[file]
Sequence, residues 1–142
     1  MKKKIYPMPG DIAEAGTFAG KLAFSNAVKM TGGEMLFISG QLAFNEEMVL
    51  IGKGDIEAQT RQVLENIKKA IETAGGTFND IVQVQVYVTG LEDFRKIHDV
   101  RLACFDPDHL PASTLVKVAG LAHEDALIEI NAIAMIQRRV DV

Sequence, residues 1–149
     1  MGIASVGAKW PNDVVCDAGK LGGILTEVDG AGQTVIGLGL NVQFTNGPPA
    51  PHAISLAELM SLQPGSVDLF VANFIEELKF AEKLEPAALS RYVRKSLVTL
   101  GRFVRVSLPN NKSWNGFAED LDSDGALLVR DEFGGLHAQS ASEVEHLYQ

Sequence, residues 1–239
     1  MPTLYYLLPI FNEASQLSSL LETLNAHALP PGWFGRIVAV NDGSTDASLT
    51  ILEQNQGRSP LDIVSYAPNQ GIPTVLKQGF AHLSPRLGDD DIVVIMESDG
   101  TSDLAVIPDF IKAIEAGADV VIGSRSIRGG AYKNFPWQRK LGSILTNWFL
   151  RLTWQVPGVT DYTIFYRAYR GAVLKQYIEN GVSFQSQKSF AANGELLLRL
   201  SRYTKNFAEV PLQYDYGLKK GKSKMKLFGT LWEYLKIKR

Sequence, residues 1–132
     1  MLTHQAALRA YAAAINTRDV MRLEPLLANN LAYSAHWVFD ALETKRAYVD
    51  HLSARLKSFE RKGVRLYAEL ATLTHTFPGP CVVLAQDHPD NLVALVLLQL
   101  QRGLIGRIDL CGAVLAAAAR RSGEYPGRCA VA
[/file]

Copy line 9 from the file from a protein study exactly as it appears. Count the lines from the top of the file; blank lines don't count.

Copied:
Sequence, residues 1–239